That settled Bomber’s decision. Slow, warm anger began to throb behind his eyes. “You already sent me off to die once, Colonel. I don’t see a reason for the change of heart.”
     Obrin grunted and stared at the bottle. “I deserved that. Just . . . Indulge an old man. Is there anything left in your head from those days?”
     At first Bomber started to deny it, but something stopped him. A faint crawling sensation nagged at the back of his skull. It was like a phrase on the tip of his tongue, just out of reach. The smell of disinfectant. Vague images of a dimmed room, hard metal on skin, viscous liquid everywhere. Coldness giving way to heat. Hands. Voices.
     “Is there any danger of him remembering?” asked the Colonel. His words rang with iron control. Something whirred and started to press into Bomber’s skull, followed by a high-pitched grinding noise, and the faint smell of burning filled the room.
     “Not without killing him. Hypnotic conditioning will lock this entire area of memory against soft techniques, and the implants will prevent medical intervention. You, um.” The voice paused. “You realise he won’t be the Jacob Dusther you knew. He won’t want to think about his past. He’ll grow calmer, cooler, and more aloof as time goes on. Constant supervision will be necessary for the first few months.”
     “I’ll keep an eye on him. I’m fond of the kid.” He chewed the inside of his cheek. “I can arrange places and stations for the others, but Dusther is the real problem. Make sure you get it right.”
     “Yes, Sir.” She hesitated as if wanting to say something more, then thought better of it.
     The Colonel took a deep breath. His footsteps receded slowly into the distance.
     “Jacob? Did you hear what I said?”
     Bomber snapped back to the present. Rigid muscles protested against his movements, but he made them look natural as he faced Obrin. “Sorry, Sir. I really don’t recall.” He added, “I should get our bird up in the air.”
     The Colonel dismissed him with a nod. Bomber climbed back down the stairs and returned to the hangar, trying to recapture the flashback, to shake something more out of the closed box of his memory. Nothing more came out.


     Bomber laboriously adjusted the copter’s pilot seat, then spent a long time tweaking every control to his style and satisfaction. Pia always liked them on the twitchy side. The only time Bomber had ever tried to fly her bird, many years ago, he came within a hair of running it into the ground.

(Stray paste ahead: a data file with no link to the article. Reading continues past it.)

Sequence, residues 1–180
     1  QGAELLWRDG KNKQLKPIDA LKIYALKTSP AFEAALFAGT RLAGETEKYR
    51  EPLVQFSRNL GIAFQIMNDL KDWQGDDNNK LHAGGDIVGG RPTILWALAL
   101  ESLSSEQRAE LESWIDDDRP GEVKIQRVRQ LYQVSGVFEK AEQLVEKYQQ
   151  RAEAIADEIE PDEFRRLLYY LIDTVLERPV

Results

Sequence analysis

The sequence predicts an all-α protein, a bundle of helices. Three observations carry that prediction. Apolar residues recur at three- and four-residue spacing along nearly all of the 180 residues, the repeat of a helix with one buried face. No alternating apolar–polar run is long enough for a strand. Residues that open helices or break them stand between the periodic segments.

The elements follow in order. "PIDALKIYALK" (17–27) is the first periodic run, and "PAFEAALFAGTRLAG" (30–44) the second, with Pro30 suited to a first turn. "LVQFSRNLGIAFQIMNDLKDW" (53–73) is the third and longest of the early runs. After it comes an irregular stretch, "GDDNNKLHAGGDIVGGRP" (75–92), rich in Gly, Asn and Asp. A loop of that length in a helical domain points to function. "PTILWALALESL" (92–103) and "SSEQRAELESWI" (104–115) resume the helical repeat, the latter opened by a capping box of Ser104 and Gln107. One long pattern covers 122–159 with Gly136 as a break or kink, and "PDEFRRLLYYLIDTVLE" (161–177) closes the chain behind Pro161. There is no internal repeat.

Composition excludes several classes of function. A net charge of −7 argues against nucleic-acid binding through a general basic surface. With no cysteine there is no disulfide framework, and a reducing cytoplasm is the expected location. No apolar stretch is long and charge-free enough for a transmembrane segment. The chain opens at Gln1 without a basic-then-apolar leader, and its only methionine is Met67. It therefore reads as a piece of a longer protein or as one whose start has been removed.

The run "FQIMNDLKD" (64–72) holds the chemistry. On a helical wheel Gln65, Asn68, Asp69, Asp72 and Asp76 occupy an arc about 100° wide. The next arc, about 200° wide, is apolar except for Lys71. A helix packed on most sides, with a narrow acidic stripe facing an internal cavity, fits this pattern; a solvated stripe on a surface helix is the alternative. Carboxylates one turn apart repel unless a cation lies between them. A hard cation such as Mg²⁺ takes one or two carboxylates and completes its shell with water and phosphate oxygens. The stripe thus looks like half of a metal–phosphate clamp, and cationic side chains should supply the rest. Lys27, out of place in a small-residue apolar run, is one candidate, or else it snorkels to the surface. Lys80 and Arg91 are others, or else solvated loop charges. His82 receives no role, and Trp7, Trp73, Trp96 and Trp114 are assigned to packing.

He looked up when the hangar’s hydraulic doors began to creak open. A tractor rolled inside towing a bulbous, vaguely shark-like shape behind it. It was a short-bodied helicopter with coaxial rotors, one set of blades above the other, a type of attack ship in service during the Recommunist revolts. The name ‘Kamov’ was emblazoned in red down one side of the nose. Unusually, most of its weapons appeared intact, heavy cannons and missile racks still present in good condition. Crews in civilian clothing readied fuel lines and dragged up ordnance dollies, preparing the thing for combat.
     Finally the cockpit popped, and Hawthorn stood up to wave at Bomber’s staring face. His voice crackled over the radio, “Told you I got your wing.”
     “You’re crazy, Hawk!” Bomber shouted, standing on his chair with hands gripping the headrest. “That thing’s gonna stand out like a fuckin’ neon sign!”
     “If they’re paying attention to me, they’re not paying attention to you. Might give you the edge you need. It’s not like I’m giving you a choice, Jacob, so just appreciate the company.”
     Frustrated, Bomber dug around for his radio headset and wrestled it onto his cranium. “You cannot be doin’ this, Hawk. I’m about to put myself pretty far into the Colonel’s bad books and you don’t want to be there with me!”
     “What, you mean abandoning the mission to save your girlfriend from the Feds?” the Major deadpanned. “I’ve actually been looking forward to meeting her.”
     There was a long pause. Bomber didn’t often find himself lost for words, but this was one of those times. He managed, “She’s not my girlfriend . . .”
     Hawthorn chuckled. “Just you keep telling yourself that, Jake.”
     A series of metal clangs reverberated through the hangar as an ordnance robot loaded the Kamov’s missiles. Fuel pumps filled its tank with a low, mechanical drone. The crews coordinated by way of shouts and aggressive hand gestures.
     “You damn well better not fall behind,” growled Bomber as he tore off the headset. Then he put it back on a little sheepishly, picking up the helmet, and switched frequencies. “Control, am I cleared for take-off?”
     “Affirmative,” came Colonel Obrin’s voice. “Godspeed, Grendel.”
     “Call me Bomber.”
     He switched back to a private frequency, gritted his teeth, and slammed the helmet on his head. The memory foam crawled over him, finding all the organs, then cleared room for things like eyes and breathing. It expanded slightly when it hardened, giving support in all the important places.
     Tractors pulled both helicopters out onto the airfield. From there it was a matter of switching on the autopilot and telling it where to go. He punched in the Feds’ projected course from Jock, then planned his interception. The real challenge would be to shadow them until they led him to the right place.
     The copter barely seemed to move when it left the ground. It glided into the air, effortless, and Bomber let his hands feel the tiny vibration of the craft around him.
     Then he dug the holorecorder from his pocket and pressed play.
     It flashed to life, filling the air with five young faces, laughing and messing around on their way back to base from the local bar. They teased and jeered at each other. A young Jacob Dusther drunkenly kissed a half-undressed Sarah Caine, while Andrew Hawthorn and Jamie Caine touched hands whenever they thought nobody was looking. Pia waved and made silly faces at the recorder.
     The gate guard waved them through without even looking. The group quickly dispersed after that. Bomber and Sarah staggered off in the direction of her trailer. Jamie slunk away without a word, while Hawthorn said an awkward goodbye to Pia. Left alone with her recorder, she suddenly looked very lonely. It only lasted a moment. She soon recovered her smile and held the recorder up to capture the stars on her way to her trailer.
     Bomber felt a bittersweet smile tug at the corners of his mouth. He wasn’t the only one lost in the past.
     “Good times,” he said, and turned it off.